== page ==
Perversions connecting two helices with symmetric handedness are a common occurrence in nature, for example in tendrils. These defects can be found in our day life decorating ribbon gifts or when plants use tendrils to attach to a support. Perversions arise when clamped elastic filaments coil into a helical shape but have to conserve zero overall twist. We investigate whether other types of perversions exist and if they display different properties. Here we show mathematically and experimentally that a continuous range of different perversions can exist and present different geometries. Experimentally, different perversions were generated using micro electrospun fibres. Our experimental results also confirm that these perversions behave differently upon release and adopt different final configurations. These results also demonstrate that it is possible to control on demand the formation and shape of microfilaments, in particular, of electrospun fibres by using ultraviolet light.
The physical mechanisms controlling the shape of elastic filaments are still a matter of intense debate and new findings1,2. Understanding the elastic behaviour of filamentary materials is very important given the observed diversity in nature3,4, the mounting interest in the context of nanotechnology5,6,7,8 and the need to find simple mechanisms to produce and control the shape of filaments9,10,11,12.
In particular, helical structures have drawn considerable attention. First several different mechanisms have been proposed to explain their ubiquitous occurrence in nature. They could be formed by entropic forces13, due to intrinsic torsion14,15 or buckling induced instabilities16,17. Helical structures can also appear in different arrangements. For instance, proteins are well known for having complex structures, with helices intertwined with beta sheets or other less regular but equally well defined structures. Their organization is crucial for establishing protein function18. In polymer science, it is always a challenge to tune the shape of filaments. This can be accomplished by the action of diverse external stimuli such as temperature, polarity or metal ions19.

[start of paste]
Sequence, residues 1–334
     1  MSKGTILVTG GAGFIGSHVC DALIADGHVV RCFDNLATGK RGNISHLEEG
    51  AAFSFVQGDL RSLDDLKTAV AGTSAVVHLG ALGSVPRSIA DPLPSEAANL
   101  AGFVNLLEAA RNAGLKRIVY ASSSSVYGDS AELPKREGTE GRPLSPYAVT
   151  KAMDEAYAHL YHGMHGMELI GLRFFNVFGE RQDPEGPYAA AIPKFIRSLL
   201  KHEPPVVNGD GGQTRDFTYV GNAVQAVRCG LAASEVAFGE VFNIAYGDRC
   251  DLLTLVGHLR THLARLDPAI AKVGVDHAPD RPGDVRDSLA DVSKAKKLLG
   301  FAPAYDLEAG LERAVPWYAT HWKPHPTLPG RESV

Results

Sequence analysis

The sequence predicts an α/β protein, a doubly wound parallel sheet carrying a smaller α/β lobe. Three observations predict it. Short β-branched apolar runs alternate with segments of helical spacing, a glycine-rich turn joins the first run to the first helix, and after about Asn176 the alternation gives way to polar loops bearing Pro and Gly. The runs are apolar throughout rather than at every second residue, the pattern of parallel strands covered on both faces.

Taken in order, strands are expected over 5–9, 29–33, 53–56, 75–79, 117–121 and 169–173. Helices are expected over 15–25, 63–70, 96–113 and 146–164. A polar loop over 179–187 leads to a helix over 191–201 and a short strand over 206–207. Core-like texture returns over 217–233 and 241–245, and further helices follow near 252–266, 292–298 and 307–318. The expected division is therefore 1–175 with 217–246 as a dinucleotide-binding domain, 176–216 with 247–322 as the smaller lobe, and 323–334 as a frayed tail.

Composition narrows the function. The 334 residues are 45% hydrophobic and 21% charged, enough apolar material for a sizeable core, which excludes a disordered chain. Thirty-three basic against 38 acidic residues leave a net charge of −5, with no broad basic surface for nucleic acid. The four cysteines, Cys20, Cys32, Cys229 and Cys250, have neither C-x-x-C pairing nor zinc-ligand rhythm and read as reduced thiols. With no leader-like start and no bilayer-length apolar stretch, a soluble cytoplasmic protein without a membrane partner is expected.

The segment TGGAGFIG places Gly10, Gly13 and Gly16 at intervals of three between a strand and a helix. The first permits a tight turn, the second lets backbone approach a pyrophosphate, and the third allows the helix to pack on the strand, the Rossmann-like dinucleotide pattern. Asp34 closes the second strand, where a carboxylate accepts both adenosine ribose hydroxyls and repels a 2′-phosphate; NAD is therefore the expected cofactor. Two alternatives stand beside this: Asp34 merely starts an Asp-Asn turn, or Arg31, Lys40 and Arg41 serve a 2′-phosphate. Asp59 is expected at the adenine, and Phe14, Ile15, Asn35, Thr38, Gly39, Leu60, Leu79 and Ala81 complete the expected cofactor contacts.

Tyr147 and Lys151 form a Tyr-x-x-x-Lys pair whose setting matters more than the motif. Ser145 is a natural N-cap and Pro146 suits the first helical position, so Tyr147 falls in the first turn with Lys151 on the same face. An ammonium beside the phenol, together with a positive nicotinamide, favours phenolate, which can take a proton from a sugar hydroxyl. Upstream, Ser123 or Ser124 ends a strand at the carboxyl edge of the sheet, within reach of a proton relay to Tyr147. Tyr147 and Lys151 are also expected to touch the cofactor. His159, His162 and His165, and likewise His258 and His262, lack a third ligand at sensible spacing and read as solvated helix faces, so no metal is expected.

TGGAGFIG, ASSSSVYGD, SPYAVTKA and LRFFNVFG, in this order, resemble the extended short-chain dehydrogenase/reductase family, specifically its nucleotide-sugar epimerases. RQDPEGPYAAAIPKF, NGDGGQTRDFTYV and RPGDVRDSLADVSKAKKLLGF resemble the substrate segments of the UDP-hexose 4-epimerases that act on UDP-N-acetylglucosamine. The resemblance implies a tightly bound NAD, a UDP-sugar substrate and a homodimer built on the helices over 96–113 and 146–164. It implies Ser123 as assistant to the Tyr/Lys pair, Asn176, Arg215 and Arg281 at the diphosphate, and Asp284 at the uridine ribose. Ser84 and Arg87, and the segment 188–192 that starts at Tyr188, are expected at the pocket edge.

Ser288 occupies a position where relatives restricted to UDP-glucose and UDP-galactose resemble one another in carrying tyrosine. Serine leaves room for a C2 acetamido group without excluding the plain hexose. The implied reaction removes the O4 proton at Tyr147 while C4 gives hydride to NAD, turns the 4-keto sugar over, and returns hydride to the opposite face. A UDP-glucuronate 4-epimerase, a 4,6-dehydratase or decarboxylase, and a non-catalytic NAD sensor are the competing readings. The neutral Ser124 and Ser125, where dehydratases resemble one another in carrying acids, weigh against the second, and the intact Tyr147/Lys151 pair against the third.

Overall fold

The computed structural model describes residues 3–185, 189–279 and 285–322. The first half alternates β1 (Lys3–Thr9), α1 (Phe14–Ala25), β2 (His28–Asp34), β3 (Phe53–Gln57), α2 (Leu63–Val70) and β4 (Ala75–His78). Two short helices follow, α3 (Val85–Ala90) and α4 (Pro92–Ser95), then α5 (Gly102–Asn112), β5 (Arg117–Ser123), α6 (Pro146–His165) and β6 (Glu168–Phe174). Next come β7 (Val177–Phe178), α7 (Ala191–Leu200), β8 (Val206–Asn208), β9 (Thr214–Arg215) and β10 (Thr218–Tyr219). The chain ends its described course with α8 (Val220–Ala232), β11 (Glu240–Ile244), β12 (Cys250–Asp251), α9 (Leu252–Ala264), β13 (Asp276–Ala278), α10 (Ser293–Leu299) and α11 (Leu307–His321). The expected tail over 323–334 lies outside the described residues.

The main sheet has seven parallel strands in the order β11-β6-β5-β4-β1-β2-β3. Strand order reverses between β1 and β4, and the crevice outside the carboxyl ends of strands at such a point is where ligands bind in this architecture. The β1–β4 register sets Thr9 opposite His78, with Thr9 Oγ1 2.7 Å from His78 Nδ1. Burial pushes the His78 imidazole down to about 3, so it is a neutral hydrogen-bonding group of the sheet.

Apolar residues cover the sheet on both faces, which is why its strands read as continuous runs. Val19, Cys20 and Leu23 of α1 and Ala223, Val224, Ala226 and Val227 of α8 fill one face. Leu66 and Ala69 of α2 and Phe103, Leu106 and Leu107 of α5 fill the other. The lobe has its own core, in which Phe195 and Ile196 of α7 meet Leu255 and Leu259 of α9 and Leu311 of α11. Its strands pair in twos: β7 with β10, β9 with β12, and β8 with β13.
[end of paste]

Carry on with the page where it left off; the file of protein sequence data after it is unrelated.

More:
Helical structures have been also obtained with a variety of techniques in nanotechnology. Helices in carbon nano-materials were first observed and reported as “an unusual occurrence” by Davis et al.20 in 1953. Since then, many strategies have been devised to produce materials with different coiling. Chemical vapour deposition allows the production of high quantities of helices. The strategy consists in using an unequal extrusion of carbon from a catalyst surface21,22,23. This technique allows producing helical structures with different shapes simply by changing the catalyst grain morphology. Helices can also be grown by considering that catalyst particles are affected by van der Waals forces between the fibre and the surroundings, as in the work of Zhang et al.24. It has been advocated that these structures can find a wide range of applications, such as nanosprings25,26, electronic circuit components27,28 and in reinforcement composites29.
Considerable work has also been done to obtain helical filaments by electrospinning. However, in many cases the helical structures become flattened as they land on the target30,31,32. This is not the case reported by Chen et al.33, who produced coiled core-shell fibres by coaxial electrospinning. A simpler technique has been proposed by Trindade et al.34, using ultraviolet (UV) irradiation upon the fibres. In both techniques it is the differential shrinkage of the elastomeric polymer that induces coiling due to buckling. In this work we will use a procedure adapted from the latter technique.
An interesting feature that can be observed in all these helical structures is the inversion of the twisting direction, known as a perversion. Perversions appear also in plants when tendrils attach to a support and shorten to direct the plant towards the attachment point. Perversions arise when filaments curl having both ends clamped. In simple terms, perversions can be seen as structures connecting helices with opposite handedness.